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Congresswoman Wilson Votes to Pass Landmark Paycheck Fairness Act

Today Congresswoman Frederica S. Wilson proudly voted for the passage of the Paycheck Fairness Act, which strengthens and closes loopholes in the 1963 Equal Pay Act, including providing effective remedies for workers who are not being paid equal pay for equal work.

"House Democrats have passed this landmark legislation three times, but due to Republican opposition, it failed in the Senate. I am hopeful that with a new majority and administration that it will soon become law," said Congresswoman Wilson.

Fifty-eight years after the enactment of the Equal Pay Act, full-time working women still earn just 82 cents, on average, for every dollar a man earns, amounting to a yearly gap of $10,157 between full-time working men and women. The wage gap is also even larger for women of color. African American and Hispanic women on average earn only 63 cents and 55 cents, respectively, for every dollar paid to white, non-Hispanic men. If women were paid the same as men, the poverty rate for all working women would be cut in half and the poverty rate for working single mothers would be cut by nearly half.

Among its key provisions, the Paycheck Fairness Act:

  • Requires employers to prove that pay disparities exist for legitimate, job-related reasons.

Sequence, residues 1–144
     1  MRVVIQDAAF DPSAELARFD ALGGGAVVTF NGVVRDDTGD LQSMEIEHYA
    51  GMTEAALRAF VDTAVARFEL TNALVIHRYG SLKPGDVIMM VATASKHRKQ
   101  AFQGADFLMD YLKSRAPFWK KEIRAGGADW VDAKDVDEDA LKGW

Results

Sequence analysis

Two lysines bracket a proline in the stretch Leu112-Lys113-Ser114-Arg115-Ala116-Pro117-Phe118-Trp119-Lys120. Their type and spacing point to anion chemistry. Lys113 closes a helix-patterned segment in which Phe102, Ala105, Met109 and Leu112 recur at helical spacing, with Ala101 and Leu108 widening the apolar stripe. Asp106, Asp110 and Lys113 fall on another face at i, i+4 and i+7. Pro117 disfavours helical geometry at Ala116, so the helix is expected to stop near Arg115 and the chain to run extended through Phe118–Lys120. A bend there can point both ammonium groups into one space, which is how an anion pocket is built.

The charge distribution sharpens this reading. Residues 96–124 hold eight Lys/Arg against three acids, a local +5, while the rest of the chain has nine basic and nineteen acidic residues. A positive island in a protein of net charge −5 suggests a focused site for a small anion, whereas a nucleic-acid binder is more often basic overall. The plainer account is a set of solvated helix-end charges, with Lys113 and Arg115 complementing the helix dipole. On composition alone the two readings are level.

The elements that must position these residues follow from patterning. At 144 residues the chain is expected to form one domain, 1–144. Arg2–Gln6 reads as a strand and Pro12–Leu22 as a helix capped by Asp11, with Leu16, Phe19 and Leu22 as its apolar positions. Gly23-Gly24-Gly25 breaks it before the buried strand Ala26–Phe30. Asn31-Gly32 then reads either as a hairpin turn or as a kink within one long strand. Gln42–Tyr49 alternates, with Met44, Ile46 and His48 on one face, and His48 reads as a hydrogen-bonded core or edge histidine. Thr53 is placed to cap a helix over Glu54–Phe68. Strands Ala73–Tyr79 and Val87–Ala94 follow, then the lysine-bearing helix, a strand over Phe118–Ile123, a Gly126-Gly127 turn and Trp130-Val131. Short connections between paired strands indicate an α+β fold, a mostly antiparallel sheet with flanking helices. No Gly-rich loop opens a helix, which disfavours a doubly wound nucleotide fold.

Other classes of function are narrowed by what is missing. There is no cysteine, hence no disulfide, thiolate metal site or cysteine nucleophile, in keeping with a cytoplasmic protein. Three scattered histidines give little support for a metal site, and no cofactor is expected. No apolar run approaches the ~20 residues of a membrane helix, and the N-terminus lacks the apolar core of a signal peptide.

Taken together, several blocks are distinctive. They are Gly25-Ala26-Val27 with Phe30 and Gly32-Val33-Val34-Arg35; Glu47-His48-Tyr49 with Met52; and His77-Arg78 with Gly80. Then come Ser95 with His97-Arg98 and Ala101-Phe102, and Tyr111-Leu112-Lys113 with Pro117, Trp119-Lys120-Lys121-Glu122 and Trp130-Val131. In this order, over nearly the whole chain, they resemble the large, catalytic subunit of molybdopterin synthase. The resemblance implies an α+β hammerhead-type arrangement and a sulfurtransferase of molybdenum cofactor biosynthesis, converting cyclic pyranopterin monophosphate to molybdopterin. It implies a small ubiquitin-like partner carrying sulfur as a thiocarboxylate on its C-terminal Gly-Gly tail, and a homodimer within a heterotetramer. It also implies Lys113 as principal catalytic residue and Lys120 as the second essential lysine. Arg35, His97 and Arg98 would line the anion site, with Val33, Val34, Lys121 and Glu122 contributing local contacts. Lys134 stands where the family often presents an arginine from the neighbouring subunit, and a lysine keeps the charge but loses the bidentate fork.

• Bans retaliation against workers who voluntarily discuss or disclose their wages.
  • Ensures women can receive the same robust remedies for sex-based pay discrimination that are currently available to those subjected to discrimination based on race and national origin.
  • Removes obstacles in the Equal Pay Act to facilitate a wronged worker's participation in class action lawsuits that challenge systemic pay discrimination.
  • Makes improvements in the Equal Employment Opportunity Commission's and the Department of Labor's tools for enforcing the Equal Pay Act.
  • Provides assistance to all businesses to help them with their equal pay practices, recognizes excellence in pay practices by businesses, and empowers women and girls by creating a negotiation skills training program.
  • Prohibits employers from seeking salary history in determining future pay, so that pay discrimination does not follow women from job to job.

Equal pay is not just a women's issue; it's a family issue. Two-thirds of mothers are either the sole breadwinner or a co-breadwinner in the household. When women are not paid fair wages, they are burdened with having to make difficult choices about how to pay for their families' critical needs, including rent, groceries, and child and medical care. This inequity also makes it extremely challenging to save for retirement.

"I have supported the Paycheck Fairness Act since my first year in Congress and firmly believe that closing the wage gap will benefit our entire society," Congresswoman Wilson added. "I applaud my colleague, Representative Rosa DeLauro, who has introduced this bill in Congress every year since 1997 and hope that 2021 will finally be the year we see this critical legislation enacted."